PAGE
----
AMC-14 is a communications satellite. Initially owned by SES Americom, AMC-14 was designed to be placed in geostationary orbit, following launch on a Proton-M / Briz-M space vehicle. Built by Lockheed Martin and based on the A2100 satellite bus, AMC-14 was to have been located at 61.5° West longitude for Dish Network service.
|Operator||SES Americom / DoD|
|Mission duration||15 years (planned)|
14 years, 2 months, 11 days (elapsed)
|Launch mass||4,140 kg (9,130 lb)|
|Start of mission|
|Launch date||14 March 2008, 23:18:55 UTC|
|Rocket||Proton-M / Briz-M|
|Launch site||Baikonur, Site 200/39|
|Contractor||Khrunichev State Research and Production Space Center|
|Entered service||January 2009|
|Reference system||Geocentric orbit|
|Longitude||61.5° West (planned)|
34.8° East (operational)
It was launched atop a Proton-M / Briz-M launch vehicle at 23:18:55 UTC on 14 March 2008, from Site 200/39 at the Baikonur Cosmodrome in Kazakhstan. The satellite was placed in an unusable orbit, following a malfunction of the Briz-M upper stage. Over a six-month period, it was maneuvered into a geosynchronous orbit, and is now near 35° East and in an inclined orbit.
AMC-14 is based on the Lockheed Martin A2100 satellite bus, and includes 32 Ku-band transponders to provide 24 MHz of bandwidth each. The spacecraft antenna were originally designed to operate over either of two orbital arcs: 61.5° West to 77° West or 110° West to 148° West. AMC-14 carries an active phased array demonstration payload that allows coverage to be reshaped on orbit.
An anomaly occurred during the second burn of the Briz-M upper stage. As a result, the satellite failed to reach the planned orbit. The Russian commission investigating the anomaly determined the cause to be a rupture of the gas duct between the gas generator and the propellant pump turbine in the Briz-M main engine, which caused the upper stage engine to shut down two minutes early.
AMC-14 was the 36th A2100 spacecraft and was expected to provide more than 15 years of service life. SES and Lockheed Martin explored ways to attempt to bring the functioning satellite into its correct orbital position, and subsequently began attempting to move the satellite into geosynchronous orbit by means of a lunar flyby (as done a decade earlier with HGS-1).
In April 2008, it was announced that this had been abandoned after discovery that Boeing held a patent  on the trajectory that would be required. At the time, a lawsuit was ongoing between SES and Boeing, and Boeing refused to allow the trajectory to be used unless SES dropped its case. Another company had expressed interest in purchasing the satellite; however. SES began procedures to expedite the satellite's immediate de-orbit. While it is expected[by whom?] that the patent would not stand up to legal challenge, SES intend to de-orbit the spacecraft in order to collect the insurance payout. If this attempt had been successful, the extra use of fuel needed to correct the orbital error would have significantly reduced AMC-14's originally expected service life of 15 years to just four years.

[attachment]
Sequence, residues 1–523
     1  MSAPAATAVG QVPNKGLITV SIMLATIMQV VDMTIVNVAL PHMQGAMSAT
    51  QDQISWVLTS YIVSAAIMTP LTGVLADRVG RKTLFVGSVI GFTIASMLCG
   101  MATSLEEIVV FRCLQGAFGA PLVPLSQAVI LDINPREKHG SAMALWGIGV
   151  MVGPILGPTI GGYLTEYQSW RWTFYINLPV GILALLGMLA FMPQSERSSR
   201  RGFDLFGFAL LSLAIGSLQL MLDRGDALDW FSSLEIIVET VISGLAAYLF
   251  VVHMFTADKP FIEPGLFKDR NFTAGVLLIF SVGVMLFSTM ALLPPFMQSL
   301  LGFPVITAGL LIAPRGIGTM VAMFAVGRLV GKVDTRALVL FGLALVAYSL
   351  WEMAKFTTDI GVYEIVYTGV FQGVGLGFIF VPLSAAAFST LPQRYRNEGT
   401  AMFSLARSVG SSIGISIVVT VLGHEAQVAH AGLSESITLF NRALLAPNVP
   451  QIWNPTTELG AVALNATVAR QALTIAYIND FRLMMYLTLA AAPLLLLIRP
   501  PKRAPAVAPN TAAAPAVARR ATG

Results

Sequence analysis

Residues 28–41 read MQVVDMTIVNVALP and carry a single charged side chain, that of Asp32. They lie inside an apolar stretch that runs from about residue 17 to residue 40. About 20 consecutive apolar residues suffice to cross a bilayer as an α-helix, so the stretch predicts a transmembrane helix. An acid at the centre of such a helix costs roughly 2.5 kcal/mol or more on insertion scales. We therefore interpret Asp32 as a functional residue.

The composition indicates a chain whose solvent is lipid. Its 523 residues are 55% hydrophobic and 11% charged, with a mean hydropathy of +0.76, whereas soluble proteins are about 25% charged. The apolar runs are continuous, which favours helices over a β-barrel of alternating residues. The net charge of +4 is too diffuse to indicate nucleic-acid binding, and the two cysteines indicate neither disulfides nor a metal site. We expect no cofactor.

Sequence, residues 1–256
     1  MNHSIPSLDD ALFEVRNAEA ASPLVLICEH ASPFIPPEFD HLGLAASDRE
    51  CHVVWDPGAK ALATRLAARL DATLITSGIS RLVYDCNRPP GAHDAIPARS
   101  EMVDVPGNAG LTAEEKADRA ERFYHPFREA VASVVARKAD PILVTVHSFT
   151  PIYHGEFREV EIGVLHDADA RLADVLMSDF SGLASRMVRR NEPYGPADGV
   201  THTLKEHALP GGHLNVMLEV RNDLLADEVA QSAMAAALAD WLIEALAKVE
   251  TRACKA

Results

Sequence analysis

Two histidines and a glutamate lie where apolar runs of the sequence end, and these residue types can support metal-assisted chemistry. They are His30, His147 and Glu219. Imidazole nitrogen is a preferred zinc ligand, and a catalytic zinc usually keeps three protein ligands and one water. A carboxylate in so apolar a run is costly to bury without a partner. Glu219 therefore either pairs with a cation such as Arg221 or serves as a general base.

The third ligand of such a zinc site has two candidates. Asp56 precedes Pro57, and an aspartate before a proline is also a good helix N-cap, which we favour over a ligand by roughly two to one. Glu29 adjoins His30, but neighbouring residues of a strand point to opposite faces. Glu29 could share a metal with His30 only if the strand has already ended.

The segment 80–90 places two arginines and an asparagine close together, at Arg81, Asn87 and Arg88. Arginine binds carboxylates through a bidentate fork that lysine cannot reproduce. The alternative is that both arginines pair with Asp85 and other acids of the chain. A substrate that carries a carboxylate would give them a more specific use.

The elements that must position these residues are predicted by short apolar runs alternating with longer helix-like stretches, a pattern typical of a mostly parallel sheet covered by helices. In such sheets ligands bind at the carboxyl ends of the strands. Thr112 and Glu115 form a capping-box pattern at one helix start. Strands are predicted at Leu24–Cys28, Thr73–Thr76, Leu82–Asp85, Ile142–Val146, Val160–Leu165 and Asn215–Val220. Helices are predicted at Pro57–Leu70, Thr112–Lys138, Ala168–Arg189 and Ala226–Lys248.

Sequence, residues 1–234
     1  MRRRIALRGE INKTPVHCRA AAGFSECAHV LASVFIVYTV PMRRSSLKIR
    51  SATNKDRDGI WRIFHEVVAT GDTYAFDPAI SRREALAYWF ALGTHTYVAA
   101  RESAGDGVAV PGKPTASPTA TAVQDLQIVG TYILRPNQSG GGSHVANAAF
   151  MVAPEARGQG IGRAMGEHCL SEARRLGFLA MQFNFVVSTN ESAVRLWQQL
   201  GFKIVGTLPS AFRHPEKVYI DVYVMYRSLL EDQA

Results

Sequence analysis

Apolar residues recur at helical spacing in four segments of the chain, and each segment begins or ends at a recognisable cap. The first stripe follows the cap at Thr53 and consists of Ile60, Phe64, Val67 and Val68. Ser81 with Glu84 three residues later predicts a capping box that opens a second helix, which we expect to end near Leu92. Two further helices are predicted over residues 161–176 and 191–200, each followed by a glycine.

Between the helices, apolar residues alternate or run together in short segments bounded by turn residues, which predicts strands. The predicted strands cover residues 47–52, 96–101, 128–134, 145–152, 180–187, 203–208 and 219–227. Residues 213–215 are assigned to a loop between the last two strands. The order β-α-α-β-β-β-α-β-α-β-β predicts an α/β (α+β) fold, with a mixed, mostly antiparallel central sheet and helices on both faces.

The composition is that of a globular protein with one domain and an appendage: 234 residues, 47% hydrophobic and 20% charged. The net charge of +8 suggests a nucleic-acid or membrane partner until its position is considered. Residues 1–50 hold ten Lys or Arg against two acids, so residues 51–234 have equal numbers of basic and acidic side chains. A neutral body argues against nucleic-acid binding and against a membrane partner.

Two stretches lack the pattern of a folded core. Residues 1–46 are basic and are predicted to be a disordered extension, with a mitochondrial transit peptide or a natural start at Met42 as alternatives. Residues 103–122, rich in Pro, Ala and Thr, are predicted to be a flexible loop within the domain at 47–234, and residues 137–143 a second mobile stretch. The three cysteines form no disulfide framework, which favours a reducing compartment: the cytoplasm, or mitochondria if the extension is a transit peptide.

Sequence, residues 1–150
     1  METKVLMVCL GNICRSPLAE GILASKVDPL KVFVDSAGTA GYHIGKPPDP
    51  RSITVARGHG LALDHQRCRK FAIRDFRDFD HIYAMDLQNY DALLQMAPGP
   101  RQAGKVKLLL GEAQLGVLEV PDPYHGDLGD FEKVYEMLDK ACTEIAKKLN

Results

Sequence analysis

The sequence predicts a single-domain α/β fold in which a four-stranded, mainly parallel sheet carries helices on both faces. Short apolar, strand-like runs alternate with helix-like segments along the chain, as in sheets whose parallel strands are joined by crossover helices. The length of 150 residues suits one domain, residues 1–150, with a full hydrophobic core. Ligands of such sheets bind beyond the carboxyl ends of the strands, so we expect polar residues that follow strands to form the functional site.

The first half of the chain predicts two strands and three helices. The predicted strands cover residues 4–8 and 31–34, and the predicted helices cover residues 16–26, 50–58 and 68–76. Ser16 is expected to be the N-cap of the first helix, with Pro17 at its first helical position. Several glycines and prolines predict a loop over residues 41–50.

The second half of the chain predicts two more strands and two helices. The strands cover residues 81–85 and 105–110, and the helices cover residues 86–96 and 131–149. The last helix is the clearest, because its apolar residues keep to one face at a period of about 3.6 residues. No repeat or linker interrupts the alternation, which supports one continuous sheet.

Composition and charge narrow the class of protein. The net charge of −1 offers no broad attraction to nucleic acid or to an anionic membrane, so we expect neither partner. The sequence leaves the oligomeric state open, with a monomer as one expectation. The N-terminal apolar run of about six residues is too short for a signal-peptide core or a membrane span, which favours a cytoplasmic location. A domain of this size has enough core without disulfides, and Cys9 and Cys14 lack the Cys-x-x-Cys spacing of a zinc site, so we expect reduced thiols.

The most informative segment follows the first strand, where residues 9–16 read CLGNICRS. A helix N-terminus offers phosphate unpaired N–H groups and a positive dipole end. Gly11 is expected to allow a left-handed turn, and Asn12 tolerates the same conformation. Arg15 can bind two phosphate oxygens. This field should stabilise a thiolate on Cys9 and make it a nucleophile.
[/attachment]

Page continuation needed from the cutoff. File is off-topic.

SES Americom told its insurers that the AMC-14 was a total loss because it was in the wrong orbit and could not be moved into correct orbit, according to Thomson Financial. The satellite was fully insured for about US$150 million, so SES would not incur a loss. Officials stated that they had evaluated several options for recovering the marooned satellite. Saving AMC-14 would have used much of the satellite's operational maneuvering propellant, significantly reducing its useful life from the 15-year expectation before launch.
On 23 April 2008, it was reported that SES was in talks with a United States Department of Defense agency, presumably the National Reconnaissance Office (NRO) (the agency that operates satellites for the DoD), over purchasing the satellite. SES has received several other bids, including one from Echostar, have been received. Most of the commercial companies were intending to use the Lunar flyby trajectory option to correct the orbital inclination of the satellite, while the U.S. DoD planned to leave the satellite in an inclined orbit. SES preferred the DoD bid, as they did not want a customer to prove to insurers that the lunar flyby option would have resulted in a commercially viable service life. There were some concerns over the legality of a purchase by the U.S. Government, under the 1998 Commercial Space Act.
In anticipation of the U.S. Government's offer being viewed as illegal, an independent European/Asian investment group made a counteroffer to the insurers that called for a minimum upfront cash payment of US$15 million with the intention of returning the satellite to a geosynchronous orbit using the lunar flyby mission and thereafter providing commercial services. Negotiations were slow to start in spite of the alternative US$10 million purchase proposal from the U.S. Government which was 33% lower than the improved offer from the European/Asian investment group.
The first signs of an orbital adjustment maneuver became evident one day after SES announced it was in sales negotiations on 24 April 2008, when the satellite's perigee rose by about 56 km (35 mi) to 777 km (483 mi) along with a slight rise in apogee to 35572 km. Also, for comparison, at the time inclination was 48.989°, and it had an orbital period of 638.12 minutes. As of 6 August 2008, AMC-14 orbit is vastly different. The inclination has dropped to 17.7°.